LONDON — Harvey Nichols saw sales dip 2.9 percent to 222 million pounds in the 12 months to March 30, 2020, just as the COVID-19 pandemic began taking its toll on business.
According to its latest Companies House filing, which has not yet been published, the store’s earnings before interest, taxes, depreciation and amortization, or EBITDA, were down 48 percent to 7.2 million pounds in the period, which Harvey Nichols said was due to intensive investments in its retail operations and infrastructure.
The consolidated results pertain to all Harvey Nichols stores in the U.K. and the Republic of Ireland, including the Knightsbridge flagship. The results also include franchise income from the group’s six international stores in Dubai, Riyadh, Kuwait, Doha and Hong Kong, which operate under license.
The group described the 12 months to March 2020 as a “challenging year” due to a variety of factors. Although Harvey Nichols was forced shut in the final weeks of its financial year, the temporary closures, and a lack of international tourists, still took a bite out of sales.
The group said EBITDA declined due to “substantial” investments in e-commerce and online operations “in order to build a stronger foundation for long-term growth.”
During the 2019-20 fiscal year the company invested further in its IT infrastructure and CRM program, and introduced a Fragrance Room to the Knightsbridge flagship. “These significant investments, coupled with higher costs necessary to drive online trade, impacted overall operating results,” the group said.
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Harvey Nichols said it would continue to invest in its online channels and stores to ensure that it can drive profitable growth going forward.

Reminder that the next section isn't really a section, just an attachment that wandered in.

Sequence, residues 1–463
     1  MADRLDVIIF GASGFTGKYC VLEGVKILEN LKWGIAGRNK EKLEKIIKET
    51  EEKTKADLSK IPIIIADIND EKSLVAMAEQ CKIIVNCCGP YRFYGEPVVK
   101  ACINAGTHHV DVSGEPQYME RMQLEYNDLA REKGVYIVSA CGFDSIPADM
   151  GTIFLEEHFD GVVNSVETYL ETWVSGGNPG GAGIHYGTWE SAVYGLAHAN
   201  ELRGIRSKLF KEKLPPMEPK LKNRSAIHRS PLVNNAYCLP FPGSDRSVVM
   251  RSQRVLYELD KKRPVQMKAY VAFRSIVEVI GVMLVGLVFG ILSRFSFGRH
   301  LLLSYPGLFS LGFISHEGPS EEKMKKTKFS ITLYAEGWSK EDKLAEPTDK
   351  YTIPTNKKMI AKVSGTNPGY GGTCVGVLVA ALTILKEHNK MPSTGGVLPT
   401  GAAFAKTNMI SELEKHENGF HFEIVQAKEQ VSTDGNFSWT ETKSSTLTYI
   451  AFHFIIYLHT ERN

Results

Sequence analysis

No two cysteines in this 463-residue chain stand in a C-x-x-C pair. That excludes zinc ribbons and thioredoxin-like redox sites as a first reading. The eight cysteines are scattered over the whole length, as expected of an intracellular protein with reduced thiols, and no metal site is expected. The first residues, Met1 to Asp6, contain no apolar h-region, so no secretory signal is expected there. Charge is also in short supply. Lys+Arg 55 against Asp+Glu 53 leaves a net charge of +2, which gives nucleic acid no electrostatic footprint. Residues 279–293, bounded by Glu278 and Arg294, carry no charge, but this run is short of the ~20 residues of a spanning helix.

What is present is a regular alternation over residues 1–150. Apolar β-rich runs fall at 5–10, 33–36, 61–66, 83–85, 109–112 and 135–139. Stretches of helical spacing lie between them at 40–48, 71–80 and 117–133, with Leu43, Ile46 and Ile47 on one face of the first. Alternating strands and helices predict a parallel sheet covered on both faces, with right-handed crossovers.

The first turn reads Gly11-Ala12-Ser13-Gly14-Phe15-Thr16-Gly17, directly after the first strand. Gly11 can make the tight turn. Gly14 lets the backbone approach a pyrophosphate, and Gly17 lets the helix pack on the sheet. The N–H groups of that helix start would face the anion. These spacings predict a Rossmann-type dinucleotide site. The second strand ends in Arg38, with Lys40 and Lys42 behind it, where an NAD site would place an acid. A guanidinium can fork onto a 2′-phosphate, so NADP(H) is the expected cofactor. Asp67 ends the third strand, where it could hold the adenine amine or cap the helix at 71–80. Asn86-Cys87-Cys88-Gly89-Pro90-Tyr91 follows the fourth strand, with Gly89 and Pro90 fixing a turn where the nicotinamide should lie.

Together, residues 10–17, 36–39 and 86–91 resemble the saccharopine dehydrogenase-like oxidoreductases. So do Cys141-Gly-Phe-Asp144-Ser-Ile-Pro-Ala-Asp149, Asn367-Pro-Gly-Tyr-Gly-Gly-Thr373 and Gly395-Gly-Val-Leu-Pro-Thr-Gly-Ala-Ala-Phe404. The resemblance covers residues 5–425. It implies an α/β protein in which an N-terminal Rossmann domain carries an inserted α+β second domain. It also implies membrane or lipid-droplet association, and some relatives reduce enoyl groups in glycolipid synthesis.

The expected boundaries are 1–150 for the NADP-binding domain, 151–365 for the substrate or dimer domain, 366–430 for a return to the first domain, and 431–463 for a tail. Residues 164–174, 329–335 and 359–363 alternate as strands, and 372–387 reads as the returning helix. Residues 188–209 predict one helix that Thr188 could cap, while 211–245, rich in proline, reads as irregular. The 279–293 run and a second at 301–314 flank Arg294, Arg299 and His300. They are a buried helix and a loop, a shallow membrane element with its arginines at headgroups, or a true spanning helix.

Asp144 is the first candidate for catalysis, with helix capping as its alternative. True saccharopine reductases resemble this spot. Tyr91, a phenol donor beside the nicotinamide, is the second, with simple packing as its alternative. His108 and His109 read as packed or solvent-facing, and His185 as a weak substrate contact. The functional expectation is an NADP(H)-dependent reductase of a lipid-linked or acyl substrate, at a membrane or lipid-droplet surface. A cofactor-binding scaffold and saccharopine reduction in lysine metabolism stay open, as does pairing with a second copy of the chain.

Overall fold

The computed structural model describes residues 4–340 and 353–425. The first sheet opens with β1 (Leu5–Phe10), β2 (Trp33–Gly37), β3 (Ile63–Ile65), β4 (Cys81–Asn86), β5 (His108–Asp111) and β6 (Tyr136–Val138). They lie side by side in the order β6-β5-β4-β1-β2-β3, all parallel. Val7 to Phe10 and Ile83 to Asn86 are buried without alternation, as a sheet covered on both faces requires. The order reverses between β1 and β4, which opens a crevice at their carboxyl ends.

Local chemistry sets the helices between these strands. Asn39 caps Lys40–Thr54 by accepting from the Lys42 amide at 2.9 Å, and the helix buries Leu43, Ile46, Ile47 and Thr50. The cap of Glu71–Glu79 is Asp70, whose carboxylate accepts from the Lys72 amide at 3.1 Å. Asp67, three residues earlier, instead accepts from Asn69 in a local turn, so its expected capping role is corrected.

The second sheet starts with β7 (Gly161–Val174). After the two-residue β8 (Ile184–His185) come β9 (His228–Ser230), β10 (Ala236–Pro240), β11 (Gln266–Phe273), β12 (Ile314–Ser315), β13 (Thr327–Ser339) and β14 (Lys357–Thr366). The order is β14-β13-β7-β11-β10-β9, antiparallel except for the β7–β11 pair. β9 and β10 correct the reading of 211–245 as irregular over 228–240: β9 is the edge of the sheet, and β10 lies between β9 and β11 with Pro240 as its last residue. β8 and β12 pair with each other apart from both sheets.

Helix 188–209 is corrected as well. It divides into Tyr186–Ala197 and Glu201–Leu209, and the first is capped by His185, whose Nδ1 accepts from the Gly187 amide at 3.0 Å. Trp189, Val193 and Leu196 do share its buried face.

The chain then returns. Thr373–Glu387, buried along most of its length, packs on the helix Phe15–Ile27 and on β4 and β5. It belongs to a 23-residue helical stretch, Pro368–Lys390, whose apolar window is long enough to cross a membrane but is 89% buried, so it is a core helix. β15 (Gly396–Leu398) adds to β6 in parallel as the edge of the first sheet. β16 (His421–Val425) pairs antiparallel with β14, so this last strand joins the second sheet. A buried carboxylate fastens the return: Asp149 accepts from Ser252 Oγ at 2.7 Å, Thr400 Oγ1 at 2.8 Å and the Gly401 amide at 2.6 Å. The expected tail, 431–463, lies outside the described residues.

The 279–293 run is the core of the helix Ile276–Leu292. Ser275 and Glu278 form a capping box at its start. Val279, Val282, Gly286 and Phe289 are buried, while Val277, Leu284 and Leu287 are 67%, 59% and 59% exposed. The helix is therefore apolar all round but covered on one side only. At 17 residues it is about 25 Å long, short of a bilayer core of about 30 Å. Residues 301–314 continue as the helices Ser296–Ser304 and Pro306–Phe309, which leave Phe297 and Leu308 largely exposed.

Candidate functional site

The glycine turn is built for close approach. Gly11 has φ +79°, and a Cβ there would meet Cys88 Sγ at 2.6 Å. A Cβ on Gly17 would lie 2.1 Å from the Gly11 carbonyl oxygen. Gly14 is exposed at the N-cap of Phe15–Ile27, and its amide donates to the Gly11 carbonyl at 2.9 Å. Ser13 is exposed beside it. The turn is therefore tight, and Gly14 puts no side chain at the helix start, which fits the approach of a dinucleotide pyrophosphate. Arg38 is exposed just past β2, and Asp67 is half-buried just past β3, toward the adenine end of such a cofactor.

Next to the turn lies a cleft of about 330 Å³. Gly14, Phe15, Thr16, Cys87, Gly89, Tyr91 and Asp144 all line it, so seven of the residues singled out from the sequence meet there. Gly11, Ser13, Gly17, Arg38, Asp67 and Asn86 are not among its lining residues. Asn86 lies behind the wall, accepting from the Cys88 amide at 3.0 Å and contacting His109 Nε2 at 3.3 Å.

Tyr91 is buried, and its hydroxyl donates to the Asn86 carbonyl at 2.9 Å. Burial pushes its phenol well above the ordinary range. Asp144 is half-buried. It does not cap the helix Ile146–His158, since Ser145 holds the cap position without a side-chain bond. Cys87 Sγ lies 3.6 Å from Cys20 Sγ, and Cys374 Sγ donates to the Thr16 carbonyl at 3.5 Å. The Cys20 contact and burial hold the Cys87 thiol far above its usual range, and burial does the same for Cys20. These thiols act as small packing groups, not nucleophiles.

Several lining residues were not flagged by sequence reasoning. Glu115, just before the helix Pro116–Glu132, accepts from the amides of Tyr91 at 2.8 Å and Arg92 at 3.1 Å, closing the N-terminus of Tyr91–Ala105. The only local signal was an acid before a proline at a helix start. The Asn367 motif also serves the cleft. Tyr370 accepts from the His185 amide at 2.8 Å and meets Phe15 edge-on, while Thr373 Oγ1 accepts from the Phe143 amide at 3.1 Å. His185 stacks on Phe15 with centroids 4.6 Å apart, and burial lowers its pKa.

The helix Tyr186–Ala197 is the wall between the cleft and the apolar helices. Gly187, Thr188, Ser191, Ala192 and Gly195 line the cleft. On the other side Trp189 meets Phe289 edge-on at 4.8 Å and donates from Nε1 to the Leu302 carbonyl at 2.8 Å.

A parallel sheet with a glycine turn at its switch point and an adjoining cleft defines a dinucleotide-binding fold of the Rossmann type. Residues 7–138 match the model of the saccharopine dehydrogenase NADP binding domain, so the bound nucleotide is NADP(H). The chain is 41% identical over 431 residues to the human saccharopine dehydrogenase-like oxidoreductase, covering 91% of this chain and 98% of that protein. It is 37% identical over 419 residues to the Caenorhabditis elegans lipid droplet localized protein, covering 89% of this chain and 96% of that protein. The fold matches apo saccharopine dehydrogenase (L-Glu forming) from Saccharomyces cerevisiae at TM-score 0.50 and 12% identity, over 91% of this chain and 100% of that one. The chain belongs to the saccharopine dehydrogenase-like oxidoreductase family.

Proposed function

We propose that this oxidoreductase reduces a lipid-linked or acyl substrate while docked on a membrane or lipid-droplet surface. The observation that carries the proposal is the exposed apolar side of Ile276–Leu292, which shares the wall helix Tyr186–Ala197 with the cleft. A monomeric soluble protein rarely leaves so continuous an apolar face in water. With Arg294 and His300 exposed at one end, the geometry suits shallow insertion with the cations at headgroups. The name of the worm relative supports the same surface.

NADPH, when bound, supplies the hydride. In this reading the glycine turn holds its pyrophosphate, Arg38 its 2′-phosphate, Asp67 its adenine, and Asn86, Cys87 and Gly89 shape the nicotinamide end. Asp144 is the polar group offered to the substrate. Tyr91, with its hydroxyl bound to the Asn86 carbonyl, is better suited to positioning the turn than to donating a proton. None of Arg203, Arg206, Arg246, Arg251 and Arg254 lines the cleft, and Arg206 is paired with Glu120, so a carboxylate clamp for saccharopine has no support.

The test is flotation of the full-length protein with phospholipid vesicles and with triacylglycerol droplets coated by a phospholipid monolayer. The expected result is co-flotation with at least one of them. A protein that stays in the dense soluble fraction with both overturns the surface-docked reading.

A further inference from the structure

In fiscal 2019-20, online sales grew 33 percent compared with the previous year, and the trend has continued into fiscal 2020-21. Harvey Nichols said online sales grew a further 69 percent in the 12 months to March 2021.
Manju Malhotra, chief executive officer of Harvey Nichols, said “we are very proud to have been able to navigate a challenging year and to continue to deliver for our customers globally, despite the pandemic. Whilst economic recovery will be slow, further impacted by restrictions on international travel, our teams continue to focus on delivering the best product and experiences across fashion, beauty, food, wine, hospitality and services, as the world slowly reemerges from the pandemic.”
Harvey Nichols promoted Malhotra to the CEO post in January and she reports to Sir Dickson Poon, the chairman and owner of Harvey Nichols.
Malhotra was most recently chief operating officer of Harvey Nichols. She has been with the luxury retailer since 1998, and held a number of roles before becoming finance director in 2010.
A week after announcing Malhotra’s appointment as CEO, the store named industry veteran Clare Horner to the post of beauty director.
Horner, whose experience covers sales, buying, marketing, merchandising and operations, succeeded Jo Osborne, and she reports to Malhotra.
At the time, Malhotra said Horner’s “unique experience makes her ideally positioned to spearhead beauty, and further develop the category across both our online business and physical stores.”
Harvey Nichols’ U.K. stores are located in London, Leeds, Edinburgh, Manchester, Birmingham and Bristol. There is also a dedicated beauty store, Beauty Bazaar, in Liverpool, and a store in Dublin in the Republic of Ireland.
The group also operates the OXO Bar, Brasserie & Restaurant on London’s South Bank and harveynichols.com.
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